That weapon is also used with devastating effect against the child David when his attacker threatens him with the unimaginable if he ever tells. For a child, of course, the unimaginable is often something like, “your parents will hate you”, or “your parents won’t believe you and they’ll send you away”. Many kids experience these ideas, to devastating effect. And so we learn David says nothing to anyone despite physical and psychic pain that accompany him into adulthood. 

It’s no surprise to also learn that as a journalist, he’s followed the Gonzo path – made infamous by Hunter S Thompson and characterised by off-the-wall and over-the-top story-telling, in a style Wikipedia handily summarises as, “written without claims of objectivity, often including the reporter as part of the story via a first-person narrative...”


Also not surprising to learn that David’s childhood scars are scraped raw and bleeding once again when he discovers his childhood tormentor has moved from Alaska to Denver, with his wife and kid. In reality, at that point, the journalist didn’t simply write, “This time last year I had a gun, and a silencer, and a plan.” In its entirety, Holthouse’s opening paragraph was not only Gonzo but also, would give an audience a quite different attitude towards the man: 

“I was going to watch him writhe like a poisoned cockroach for a few seconds, then kick him onto his stomach and put three bullets in the back of his head. This time last year I had a gun, and a silencer, and a plan.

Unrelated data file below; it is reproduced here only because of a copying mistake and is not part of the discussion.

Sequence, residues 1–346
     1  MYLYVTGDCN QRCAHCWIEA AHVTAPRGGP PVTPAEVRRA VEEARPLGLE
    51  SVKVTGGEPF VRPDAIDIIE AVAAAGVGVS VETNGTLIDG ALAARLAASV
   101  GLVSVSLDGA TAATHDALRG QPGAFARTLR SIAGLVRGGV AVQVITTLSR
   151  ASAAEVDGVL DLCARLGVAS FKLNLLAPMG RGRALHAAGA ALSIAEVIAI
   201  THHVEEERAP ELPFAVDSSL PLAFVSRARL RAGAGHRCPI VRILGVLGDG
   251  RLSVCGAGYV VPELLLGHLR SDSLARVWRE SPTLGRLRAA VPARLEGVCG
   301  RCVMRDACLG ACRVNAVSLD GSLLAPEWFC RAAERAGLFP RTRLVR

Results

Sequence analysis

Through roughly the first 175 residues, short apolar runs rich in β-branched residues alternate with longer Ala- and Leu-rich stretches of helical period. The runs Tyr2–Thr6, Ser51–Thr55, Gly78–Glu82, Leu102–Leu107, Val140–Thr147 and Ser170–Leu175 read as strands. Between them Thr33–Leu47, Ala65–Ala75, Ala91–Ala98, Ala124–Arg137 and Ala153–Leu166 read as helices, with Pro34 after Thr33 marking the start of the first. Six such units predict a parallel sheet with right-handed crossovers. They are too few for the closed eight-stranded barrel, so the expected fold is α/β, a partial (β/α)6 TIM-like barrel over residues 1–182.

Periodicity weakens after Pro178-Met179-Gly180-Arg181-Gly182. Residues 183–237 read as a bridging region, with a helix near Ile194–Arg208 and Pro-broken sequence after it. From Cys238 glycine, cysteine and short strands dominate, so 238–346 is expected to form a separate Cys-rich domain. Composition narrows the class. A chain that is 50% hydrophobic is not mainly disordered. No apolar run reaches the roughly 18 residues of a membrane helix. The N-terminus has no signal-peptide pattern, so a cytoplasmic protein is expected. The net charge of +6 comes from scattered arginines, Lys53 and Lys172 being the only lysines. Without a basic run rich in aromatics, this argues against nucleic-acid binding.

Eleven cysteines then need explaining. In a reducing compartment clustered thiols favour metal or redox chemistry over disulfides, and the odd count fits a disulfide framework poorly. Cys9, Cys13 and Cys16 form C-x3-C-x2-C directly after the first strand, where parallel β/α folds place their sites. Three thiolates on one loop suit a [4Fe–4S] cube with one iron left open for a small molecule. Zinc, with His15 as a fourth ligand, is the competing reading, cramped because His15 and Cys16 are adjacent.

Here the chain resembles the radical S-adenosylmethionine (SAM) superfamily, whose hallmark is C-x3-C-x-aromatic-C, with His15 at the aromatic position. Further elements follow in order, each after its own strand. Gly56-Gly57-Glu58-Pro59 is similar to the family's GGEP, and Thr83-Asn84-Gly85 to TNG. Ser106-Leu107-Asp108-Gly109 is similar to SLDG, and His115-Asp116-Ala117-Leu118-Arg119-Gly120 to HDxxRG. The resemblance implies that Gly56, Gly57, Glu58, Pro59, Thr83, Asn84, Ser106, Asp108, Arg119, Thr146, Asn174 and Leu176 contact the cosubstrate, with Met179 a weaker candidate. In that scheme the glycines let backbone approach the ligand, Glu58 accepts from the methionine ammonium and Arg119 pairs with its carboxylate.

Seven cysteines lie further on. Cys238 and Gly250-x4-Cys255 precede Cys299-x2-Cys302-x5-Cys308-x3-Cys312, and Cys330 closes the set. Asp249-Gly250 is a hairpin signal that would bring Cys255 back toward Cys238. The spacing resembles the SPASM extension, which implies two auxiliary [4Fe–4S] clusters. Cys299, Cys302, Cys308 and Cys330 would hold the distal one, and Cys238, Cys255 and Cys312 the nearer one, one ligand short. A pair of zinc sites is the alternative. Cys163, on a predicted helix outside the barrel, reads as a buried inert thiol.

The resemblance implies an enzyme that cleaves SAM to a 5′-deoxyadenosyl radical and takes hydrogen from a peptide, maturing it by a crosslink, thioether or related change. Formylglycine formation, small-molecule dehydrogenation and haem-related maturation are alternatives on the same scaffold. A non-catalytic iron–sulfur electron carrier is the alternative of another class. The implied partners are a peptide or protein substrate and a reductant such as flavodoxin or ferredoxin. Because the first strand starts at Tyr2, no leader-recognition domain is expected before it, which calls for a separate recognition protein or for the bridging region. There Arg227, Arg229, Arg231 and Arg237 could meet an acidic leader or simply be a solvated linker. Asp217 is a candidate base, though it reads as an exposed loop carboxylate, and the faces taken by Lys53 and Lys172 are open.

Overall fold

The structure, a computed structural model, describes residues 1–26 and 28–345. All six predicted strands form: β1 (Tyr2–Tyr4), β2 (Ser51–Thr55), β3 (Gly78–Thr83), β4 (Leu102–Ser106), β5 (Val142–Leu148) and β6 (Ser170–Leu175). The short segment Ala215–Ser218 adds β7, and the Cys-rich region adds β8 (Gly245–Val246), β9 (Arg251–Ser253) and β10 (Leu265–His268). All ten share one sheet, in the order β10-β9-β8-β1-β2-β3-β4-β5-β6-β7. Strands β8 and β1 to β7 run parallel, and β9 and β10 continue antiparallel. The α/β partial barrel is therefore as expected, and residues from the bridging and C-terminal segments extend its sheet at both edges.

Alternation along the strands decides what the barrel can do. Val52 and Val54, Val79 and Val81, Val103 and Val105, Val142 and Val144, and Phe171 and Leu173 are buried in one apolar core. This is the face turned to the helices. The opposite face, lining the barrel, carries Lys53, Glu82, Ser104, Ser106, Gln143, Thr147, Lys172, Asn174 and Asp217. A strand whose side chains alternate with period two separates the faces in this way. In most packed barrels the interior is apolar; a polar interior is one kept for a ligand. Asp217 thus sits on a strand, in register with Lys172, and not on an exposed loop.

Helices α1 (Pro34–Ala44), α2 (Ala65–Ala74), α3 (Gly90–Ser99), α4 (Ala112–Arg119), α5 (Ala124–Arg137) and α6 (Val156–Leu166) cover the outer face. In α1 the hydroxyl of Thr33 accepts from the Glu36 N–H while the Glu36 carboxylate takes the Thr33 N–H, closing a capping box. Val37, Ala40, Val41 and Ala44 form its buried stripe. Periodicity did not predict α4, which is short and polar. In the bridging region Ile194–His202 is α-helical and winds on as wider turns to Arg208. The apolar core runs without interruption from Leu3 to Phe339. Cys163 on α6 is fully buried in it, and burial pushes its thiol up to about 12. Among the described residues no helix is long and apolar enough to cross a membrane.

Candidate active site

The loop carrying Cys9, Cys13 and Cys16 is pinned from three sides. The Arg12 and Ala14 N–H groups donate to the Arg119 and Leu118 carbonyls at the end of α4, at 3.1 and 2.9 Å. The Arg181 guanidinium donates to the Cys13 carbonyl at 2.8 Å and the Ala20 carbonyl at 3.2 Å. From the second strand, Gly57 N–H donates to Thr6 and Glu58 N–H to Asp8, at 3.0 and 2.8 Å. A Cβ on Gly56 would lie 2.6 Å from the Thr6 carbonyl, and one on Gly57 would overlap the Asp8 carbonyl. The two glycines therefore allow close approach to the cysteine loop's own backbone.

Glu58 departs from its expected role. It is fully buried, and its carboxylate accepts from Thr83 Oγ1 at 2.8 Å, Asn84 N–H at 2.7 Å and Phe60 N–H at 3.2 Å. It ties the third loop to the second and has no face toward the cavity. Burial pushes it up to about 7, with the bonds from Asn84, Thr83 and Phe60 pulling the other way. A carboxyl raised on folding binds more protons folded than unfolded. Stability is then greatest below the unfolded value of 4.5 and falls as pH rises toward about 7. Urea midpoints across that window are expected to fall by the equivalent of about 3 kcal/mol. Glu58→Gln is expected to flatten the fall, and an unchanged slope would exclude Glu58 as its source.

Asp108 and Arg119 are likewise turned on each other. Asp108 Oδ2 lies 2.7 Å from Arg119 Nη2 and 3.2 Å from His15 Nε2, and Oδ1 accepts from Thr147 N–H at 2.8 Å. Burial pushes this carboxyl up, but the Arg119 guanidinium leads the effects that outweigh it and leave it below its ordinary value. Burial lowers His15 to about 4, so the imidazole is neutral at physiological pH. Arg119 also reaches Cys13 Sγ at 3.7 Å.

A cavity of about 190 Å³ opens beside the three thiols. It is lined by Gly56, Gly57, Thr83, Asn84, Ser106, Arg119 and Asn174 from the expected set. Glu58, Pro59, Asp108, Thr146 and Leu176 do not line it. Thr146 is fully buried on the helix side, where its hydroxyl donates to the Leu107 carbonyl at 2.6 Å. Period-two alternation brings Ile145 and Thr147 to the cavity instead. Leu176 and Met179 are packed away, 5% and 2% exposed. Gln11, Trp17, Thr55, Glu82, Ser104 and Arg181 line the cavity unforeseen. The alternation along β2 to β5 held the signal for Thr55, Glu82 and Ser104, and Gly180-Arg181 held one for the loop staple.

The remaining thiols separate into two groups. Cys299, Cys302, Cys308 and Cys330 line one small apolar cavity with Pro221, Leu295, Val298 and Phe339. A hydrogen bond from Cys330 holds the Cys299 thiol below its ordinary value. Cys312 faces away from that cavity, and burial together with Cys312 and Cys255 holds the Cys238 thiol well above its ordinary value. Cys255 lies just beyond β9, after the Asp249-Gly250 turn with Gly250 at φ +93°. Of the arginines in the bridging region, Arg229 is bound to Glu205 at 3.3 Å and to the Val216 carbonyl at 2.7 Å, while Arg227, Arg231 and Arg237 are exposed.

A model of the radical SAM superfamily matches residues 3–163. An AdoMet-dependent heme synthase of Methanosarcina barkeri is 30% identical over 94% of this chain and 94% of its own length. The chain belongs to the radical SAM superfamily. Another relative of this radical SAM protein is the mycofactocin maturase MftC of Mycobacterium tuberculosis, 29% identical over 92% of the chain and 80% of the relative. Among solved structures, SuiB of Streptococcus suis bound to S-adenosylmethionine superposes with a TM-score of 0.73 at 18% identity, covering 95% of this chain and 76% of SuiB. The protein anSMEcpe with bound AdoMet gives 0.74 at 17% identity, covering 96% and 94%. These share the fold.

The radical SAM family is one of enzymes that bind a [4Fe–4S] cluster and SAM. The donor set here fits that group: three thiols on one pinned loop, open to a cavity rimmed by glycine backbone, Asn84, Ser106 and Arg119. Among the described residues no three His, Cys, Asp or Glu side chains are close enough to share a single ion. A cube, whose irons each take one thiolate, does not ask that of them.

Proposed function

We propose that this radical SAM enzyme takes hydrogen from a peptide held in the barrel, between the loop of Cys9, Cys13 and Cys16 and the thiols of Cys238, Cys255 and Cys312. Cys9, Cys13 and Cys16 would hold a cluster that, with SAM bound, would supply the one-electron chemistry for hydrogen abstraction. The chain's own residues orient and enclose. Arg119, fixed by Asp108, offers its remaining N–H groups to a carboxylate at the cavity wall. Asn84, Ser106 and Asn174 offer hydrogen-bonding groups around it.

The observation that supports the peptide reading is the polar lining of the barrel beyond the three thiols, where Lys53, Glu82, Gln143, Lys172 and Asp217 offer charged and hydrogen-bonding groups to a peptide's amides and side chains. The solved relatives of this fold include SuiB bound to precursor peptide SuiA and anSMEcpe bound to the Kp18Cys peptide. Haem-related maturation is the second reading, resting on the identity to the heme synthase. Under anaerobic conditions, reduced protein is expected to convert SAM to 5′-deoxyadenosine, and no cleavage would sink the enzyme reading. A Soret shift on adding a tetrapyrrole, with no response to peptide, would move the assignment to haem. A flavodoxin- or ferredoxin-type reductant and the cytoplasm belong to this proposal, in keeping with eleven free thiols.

Oh, the wonders of editing, the wonders of audience manipulation, the wonders of playwriting! Suddenly David is another person, drawn in different colours and with subtexts and undercurrents that bubble up into uneasiness. Is this really a truth that’s stranger than fiction, or a strange set of truths, or a mix of truth and fiction, or..?

What we learn, from the play’s opening moments, is that the boy David and his parents lived in a house once occupied by a family that left Anchorage after their young son started “acting up” at school... We also learn, along the way, that the Bogeyman/rapist/present day normal family man has met with David in a Denver park and promised him their long-ago encounter had been a one-off. He had not done such things before or since. He asks for forgiveness. However...